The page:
Monday, March 14, 2011
There’s a good chance these Irish Meringues have nothing to do with Ireland. I first ate them back in middle school and my mom thinks I made them in home economics, but I vaguely remember making them for a history class. So who knows where this recipe comes from. All I know is that they are deliciously addicting and it took me way too long to make them again. The recipe has since disappeared from my mom’s collection, but thanks to the interwebs, I found it! Of course only after searching for meringues and dropping the Irish part. But I remember them as Irish something or other, so Irish Meringues they shall be called in my house.
So, how’s it taste?
I’m not kidding when I say they are addicting. I’m not a huge fan of just plain meringue cookies, but throw in chocolate chips and pecans and it’s a whole new ballgame. The meringue becomes really crunchy and these little cookies seem like pillows of air with tiny bursts of chocolate and nuts. That’s where you run into trouble. They seem so light that you just pop, pop, pop them in your mouth and boom you’ve eaten half a batch in no time! The meringues are just the right amount of sweet and a tiny hint of salt from the pecans. They are also very easy to make and if you’ve got a ton of egg whites leftover, say from making all that ice cream, this recipe is a great way to use them up. You could also get fancy and pipe the meringue onto the cookie sheet before baking.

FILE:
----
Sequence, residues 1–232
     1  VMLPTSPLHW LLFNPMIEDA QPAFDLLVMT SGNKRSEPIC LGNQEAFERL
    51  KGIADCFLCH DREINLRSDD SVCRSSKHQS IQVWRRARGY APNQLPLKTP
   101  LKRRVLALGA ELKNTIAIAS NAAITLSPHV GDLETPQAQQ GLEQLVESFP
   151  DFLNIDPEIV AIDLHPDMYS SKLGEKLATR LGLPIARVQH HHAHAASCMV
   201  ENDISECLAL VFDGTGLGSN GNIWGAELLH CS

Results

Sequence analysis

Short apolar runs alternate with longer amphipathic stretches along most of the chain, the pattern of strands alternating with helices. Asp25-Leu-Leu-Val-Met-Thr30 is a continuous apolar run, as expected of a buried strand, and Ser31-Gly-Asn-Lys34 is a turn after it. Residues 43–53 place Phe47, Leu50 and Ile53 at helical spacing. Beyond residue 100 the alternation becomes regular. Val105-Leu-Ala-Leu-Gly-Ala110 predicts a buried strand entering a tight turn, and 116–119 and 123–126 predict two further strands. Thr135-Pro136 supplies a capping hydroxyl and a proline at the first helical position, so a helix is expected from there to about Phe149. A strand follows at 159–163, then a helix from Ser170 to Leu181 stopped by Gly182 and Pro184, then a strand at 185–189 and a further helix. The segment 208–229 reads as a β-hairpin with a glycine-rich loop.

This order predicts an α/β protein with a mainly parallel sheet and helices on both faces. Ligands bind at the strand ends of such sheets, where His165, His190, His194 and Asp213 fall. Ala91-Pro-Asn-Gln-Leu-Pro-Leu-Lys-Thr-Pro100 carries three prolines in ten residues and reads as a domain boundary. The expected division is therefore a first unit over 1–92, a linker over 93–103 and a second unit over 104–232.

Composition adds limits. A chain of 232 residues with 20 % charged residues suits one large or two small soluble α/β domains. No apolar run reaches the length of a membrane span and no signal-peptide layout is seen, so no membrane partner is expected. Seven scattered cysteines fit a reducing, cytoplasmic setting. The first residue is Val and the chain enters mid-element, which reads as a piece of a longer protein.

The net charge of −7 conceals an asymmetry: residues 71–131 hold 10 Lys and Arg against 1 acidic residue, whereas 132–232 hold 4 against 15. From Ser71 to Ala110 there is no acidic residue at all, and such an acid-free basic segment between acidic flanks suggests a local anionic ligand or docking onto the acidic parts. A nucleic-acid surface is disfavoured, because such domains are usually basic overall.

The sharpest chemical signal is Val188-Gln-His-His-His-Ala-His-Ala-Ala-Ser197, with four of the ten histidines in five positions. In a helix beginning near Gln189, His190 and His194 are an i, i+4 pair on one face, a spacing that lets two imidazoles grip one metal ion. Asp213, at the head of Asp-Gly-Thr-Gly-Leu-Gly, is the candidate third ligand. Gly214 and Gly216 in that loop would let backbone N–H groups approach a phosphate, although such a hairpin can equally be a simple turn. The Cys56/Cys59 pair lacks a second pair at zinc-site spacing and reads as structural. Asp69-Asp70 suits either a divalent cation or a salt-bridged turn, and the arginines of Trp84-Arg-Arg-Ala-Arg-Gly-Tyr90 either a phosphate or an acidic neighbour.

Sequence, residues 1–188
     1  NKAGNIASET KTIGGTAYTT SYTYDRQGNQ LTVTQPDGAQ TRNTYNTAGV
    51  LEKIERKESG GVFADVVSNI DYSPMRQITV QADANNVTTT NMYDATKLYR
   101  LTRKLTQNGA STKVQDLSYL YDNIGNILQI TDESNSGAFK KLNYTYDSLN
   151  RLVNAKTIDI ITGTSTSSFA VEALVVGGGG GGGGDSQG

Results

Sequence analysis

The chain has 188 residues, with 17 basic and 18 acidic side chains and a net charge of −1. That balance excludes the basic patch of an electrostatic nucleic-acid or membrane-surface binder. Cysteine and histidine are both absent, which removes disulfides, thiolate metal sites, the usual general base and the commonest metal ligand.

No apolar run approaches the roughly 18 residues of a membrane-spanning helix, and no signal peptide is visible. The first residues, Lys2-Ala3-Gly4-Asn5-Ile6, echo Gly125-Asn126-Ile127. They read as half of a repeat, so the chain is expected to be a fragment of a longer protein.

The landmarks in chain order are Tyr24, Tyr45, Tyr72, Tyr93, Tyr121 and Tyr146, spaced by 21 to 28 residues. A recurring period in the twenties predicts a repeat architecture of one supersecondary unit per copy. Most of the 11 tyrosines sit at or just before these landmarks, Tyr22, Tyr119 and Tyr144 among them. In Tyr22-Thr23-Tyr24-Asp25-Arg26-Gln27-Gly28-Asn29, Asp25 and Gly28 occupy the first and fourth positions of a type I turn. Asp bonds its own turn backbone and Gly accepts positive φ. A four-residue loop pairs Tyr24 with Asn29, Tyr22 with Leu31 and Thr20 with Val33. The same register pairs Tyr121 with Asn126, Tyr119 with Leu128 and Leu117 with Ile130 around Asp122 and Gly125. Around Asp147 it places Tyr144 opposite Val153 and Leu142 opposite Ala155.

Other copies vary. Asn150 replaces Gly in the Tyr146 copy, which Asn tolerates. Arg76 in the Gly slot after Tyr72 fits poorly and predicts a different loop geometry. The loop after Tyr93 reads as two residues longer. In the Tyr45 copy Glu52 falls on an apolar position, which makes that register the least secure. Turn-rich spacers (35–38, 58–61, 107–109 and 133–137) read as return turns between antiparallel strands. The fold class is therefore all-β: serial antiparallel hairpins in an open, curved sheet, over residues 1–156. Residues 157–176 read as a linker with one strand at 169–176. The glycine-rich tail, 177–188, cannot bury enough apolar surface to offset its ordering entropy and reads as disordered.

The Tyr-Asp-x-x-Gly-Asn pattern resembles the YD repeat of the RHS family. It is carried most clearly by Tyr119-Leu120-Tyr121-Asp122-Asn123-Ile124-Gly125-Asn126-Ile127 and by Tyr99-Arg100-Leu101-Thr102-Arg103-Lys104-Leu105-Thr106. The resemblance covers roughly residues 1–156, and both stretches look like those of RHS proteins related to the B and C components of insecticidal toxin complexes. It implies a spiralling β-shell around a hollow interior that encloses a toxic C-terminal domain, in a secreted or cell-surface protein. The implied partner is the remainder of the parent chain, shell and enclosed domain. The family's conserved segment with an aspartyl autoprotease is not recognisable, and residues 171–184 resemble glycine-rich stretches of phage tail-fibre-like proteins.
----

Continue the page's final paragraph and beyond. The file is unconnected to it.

2 egg whites
1/8 tsp. cream of tartar
1/8 tsp. salt
1 tsp. vanilla
3/4 cup superfine sugar
1/2 cup mini chocolate chips
1/4 cup chopped pecans, optional
1. Preheat oven 300 degrees.
2. Beat egg whites, cream of tartar, and salt together until soft peaks form. Add vanilla, then add sugar gradually, beating until stiff.
3. Fold in chocolate chips and pecans. Drop by teaspoon-fulls 2 inches apart on parchment-covered cookie sheet. Bake until dry, about 25 minutes.
4. Let cool slightly before removing from cookie sheet. Set on rack to cool before storing in airtight container. Freezes well.